It's very difficult to eat cheaply in fancy London restaurants. Fortunately for me and my sophisticated palate, I can eat well and with a well-deserved beer in Tokyo for about £6. Today surely earned its keep on the beverage front. It has been, and excuse my French, un de ces jours. Over dinner, did reach halfway through Updike's novel, which seems to be about escaping the confines of one's life, and little details keep hitting home in rather horrible ways. Of relevance here, though, only: 'The difficulty with humorists is that they will mix what they believe with what they don't - whichever seems likelier to win an effect.'
I awoke rather happy, which now doesn't bode well for my having Spidey Sense. But all the same, I showered and breakfasted, and was out the door and still cheerful all the way onto the subway. My app for getting around the city's system gives me a direction and a destination; I of course confused the two, which delayed arrival. Upon finally arriving at Tennozu Isle Station, a mere ten minute walk from the Immigration Office, my destination, in order to obtain my re-entry permit, so that my visa won't revert to a tourist's when I reentry Japan come Sunday evening, I discover the map downloaded and the real-world (though it seemed nothing like the real world around me) map with the usually handy 'You Are Here' did not seem to coincide. So after much deliberation, I set off.
In what soon proved to be the wrong direction. I realised the closest station to the Immigration Office was actually on a separate island from the bldg itself, and so I headed to the bridge. Across, and now surrounded by lorries, truckers, and shipping containers, piled up like Lego bricks. I had now placed myself somewhere on my own map, and was content to follow it block after block until I eventually reached the entrance to the swarming Office. The Japanese, mostly, are content to frustrate the foreigner by the old motto of 'Rocation, rocation, rocation', and no more. Once found, backstreet restaurants tend to be worth the hike/hype; brands like A Bathing Ape deliberately site their franchises in tricky-to-find-but-easy-to-stumble-upon locations. The Immigration Office had no qualms about over-doing anything. This was proper Kafka kitsch.
Upon my eventual arrival, I approached the main desk cautiously, and procured a copy of the Form for Reentry Permission. It was only once this had been grasped, and as I was filling it in before I could go upstairs to Section D, that I realised I was listening to, broadcast across the main atrium, a polyphonic rendition of the tune to 'I Vow To Thee, My Country', or at least a section from Holst's Jupiter. And this, only days after I'd been subjected to a similarly simplified orchestral version of a few of The Beatles' hits in the sauna. (The gym: 'We see you, skinny Britisher, pumping your seven kg, and we remind you - no matter how good you get, eventually you'll be nothing more than Musak listened to by naked men in a steamy room.') I took the stairs two at a time.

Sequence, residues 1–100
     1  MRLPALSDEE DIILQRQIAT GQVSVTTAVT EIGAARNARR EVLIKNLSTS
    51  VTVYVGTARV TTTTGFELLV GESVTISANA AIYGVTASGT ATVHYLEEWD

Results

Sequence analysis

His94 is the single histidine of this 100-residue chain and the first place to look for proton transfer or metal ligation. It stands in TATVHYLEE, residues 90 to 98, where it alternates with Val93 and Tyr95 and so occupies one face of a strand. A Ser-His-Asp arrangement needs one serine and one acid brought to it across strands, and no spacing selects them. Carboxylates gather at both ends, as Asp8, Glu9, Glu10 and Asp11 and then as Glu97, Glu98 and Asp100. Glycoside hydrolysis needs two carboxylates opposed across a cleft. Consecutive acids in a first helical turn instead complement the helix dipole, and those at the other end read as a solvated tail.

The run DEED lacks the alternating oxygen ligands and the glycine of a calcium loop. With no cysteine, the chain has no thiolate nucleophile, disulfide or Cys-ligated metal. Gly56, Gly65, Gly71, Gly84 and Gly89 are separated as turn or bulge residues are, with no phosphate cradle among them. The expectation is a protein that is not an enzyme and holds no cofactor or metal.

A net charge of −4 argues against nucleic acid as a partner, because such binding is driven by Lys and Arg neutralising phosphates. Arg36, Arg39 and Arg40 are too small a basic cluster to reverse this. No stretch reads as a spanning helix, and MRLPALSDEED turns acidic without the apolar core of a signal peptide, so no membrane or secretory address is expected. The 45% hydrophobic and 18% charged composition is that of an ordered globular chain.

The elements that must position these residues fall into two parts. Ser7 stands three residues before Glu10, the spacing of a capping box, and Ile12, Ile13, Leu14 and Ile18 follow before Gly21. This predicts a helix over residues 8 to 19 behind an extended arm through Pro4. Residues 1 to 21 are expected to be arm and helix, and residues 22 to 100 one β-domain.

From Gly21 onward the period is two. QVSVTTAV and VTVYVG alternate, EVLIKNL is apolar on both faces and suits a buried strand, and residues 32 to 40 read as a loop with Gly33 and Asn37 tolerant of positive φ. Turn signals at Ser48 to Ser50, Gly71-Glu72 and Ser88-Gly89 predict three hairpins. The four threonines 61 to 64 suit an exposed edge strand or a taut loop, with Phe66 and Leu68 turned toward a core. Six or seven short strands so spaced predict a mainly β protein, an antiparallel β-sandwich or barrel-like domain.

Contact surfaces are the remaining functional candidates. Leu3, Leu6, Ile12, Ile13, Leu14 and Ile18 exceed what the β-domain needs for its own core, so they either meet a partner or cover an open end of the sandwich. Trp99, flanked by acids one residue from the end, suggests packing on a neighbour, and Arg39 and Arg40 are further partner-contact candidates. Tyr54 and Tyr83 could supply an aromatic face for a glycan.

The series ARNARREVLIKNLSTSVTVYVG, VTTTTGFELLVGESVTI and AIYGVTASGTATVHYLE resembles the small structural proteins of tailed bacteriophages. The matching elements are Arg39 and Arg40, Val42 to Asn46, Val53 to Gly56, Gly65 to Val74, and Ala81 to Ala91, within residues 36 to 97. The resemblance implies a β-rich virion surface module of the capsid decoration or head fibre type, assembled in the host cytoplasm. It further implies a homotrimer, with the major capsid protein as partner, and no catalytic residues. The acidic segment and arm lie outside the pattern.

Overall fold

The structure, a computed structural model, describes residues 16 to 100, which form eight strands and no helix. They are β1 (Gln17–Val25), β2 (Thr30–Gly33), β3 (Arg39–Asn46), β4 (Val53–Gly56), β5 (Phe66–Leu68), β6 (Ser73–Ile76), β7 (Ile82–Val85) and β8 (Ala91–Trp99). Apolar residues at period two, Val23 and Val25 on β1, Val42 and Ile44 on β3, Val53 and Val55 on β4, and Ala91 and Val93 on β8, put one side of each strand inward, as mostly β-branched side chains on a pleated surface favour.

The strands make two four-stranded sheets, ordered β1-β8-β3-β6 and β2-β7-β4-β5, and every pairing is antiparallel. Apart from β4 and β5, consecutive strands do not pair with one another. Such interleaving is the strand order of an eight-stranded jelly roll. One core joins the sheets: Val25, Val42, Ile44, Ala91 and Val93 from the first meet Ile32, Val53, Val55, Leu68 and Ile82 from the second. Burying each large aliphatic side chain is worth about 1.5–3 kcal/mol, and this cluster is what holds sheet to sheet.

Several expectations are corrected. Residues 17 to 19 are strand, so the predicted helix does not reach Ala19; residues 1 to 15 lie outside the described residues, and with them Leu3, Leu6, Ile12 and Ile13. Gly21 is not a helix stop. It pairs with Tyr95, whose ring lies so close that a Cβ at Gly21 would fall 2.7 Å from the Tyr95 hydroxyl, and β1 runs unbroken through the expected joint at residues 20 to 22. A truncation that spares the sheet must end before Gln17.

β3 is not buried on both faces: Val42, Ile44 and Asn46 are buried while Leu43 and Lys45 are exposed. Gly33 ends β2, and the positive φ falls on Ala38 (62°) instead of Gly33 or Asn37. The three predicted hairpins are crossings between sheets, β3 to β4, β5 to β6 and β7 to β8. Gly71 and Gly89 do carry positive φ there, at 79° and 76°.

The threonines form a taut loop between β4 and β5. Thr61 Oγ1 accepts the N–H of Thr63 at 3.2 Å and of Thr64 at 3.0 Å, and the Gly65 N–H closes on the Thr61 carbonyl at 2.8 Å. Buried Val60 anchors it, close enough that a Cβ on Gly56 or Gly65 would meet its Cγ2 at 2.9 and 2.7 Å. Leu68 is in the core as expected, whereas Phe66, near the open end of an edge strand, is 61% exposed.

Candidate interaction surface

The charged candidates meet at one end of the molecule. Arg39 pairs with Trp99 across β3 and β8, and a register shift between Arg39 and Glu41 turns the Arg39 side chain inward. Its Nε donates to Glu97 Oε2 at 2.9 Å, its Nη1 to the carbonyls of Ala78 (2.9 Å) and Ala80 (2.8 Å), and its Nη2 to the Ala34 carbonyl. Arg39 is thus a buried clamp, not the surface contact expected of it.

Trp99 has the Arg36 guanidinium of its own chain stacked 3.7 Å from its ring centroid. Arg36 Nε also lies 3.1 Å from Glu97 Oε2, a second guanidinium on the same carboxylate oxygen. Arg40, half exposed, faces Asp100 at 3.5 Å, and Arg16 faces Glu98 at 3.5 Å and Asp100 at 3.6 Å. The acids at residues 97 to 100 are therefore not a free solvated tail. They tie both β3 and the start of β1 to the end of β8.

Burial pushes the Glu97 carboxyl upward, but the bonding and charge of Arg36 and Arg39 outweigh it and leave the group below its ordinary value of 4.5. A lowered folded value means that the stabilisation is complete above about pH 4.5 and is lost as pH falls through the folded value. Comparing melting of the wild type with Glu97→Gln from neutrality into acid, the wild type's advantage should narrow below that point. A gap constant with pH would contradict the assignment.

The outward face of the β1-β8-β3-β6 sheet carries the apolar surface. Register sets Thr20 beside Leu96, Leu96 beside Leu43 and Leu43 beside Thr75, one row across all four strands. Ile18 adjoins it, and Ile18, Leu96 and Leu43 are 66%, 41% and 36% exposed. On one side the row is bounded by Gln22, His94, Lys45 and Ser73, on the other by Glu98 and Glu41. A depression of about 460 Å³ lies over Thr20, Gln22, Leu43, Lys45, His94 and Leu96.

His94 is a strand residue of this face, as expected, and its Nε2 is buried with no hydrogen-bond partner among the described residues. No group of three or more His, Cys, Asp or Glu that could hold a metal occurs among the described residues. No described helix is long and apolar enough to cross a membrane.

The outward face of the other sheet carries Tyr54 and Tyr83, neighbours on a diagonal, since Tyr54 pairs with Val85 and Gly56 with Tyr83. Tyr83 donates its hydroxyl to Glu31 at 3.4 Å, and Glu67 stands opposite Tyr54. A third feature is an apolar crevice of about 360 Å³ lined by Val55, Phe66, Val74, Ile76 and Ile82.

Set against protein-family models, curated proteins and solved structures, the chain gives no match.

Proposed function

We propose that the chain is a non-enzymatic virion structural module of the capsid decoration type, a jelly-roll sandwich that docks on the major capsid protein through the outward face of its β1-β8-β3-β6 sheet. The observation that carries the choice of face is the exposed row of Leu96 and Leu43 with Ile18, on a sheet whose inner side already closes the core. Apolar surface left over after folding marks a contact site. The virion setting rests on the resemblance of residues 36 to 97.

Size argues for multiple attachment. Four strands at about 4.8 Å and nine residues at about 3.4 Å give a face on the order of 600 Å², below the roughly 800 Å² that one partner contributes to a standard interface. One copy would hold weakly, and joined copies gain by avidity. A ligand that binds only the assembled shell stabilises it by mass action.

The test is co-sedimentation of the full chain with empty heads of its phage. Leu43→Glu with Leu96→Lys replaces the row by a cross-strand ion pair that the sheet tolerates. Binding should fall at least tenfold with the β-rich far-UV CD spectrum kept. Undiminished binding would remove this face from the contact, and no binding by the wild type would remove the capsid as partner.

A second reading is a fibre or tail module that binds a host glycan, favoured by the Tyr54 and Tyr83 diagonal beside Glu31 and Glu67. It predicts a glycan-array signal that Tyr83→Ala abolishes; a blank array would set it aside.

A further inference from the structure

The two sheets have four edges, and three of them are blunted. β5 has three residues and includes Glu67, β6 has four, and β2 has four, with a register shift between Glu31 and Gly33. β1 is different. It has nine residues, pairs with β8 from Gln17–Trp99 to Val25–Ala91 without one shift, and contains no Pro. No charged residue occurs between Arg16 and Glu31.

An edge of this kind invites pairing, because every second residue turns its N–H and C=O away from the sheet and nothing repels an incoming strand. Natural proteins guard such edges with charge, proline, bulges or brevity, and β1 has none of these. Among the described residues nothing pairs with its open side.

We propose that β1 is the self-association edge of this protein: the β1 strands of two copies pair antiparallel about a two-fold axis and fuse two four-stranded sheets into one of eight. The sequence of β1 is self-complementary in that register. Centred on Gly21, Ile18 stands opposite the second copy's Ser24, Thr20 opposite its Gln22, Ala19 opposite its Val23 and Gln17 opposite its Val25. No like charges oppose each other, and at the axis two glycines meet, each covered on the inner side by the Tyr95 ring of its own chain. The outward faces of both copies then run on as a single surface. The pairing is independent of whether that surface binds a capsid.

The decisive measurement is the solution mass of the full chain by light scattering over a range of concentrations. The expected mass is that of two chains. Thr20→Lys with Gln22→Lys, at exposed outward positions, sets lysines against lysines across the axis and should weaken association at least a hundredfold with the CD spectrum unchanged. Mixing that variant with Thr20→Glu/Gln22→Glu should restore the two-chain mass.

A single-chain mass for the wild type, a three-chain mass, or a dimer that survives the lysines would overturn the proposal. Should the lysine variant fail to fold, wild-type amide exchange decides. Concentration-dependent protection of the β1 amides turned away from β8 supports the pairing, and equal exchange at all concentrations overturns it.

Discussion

Not so much follow the yellow-brick road, as follow the primary-coloured strips of carpet to the relevant section. No ruby slippers here, though, as you take your ticket to hand in your form, passport and Foreigner Registration Card, and 172, that says, and 119 just flashed up on the screen. A hasty email to work that I may be late, and down in the chairs with the Japanese folk. Why were they here? Were they not actually Japanese? What visas were they on? James Whitcomb Riley ('when I see a bird that walks like a duck and swims like a duck and quacks like a duck, I call that bird a duck') would have been out of his depth here.
Having already filled in the form downstairs, nothing to do here but wait. Nervously glanced at clock. Of course, the Office was only open from nine am until five pm on week-days. Foreigners? With visas? Probably don't have jobs, eh. Number eventually comes up. 'You must go downstairs and get payment stamp, then come back up right to me'. Off I trotted, to the FamilyMart down the stairs that deals with visa payment stamps, and got myself into the queue for the one till of four that issues the stamps. Considered leaving the queue to by myself a biscuit at one of the other tills; would have taken me no time, them being empty and all. But got the stamp, trotted back up the stairs, found my lady, gave here the new stamped form, retreated, reappeared at the call of my name, received my newly-stickered passport, and trotted off to work.
Rang in on the way back to the Tennozu Isle Station on the first island, thinking I might not make into work by the time suggested in earlier email, which was rather prescient, considering the signs to the monorail station I now needed led me three sides of a square, and was told my editor had left the company that morning, and is never to return. I fear not so much Bienvenue au Japon as Bienvenue dans le monde. And after a Sunday of no worry, lazing in park life, finding an abandoned CCTV camera, watching girls ride ponies in central Tokyo, and reading an autobiography of Edward Hopper. I'll take that world, merci beaucoup. But to another country on Thursday, and 30+ degrees c.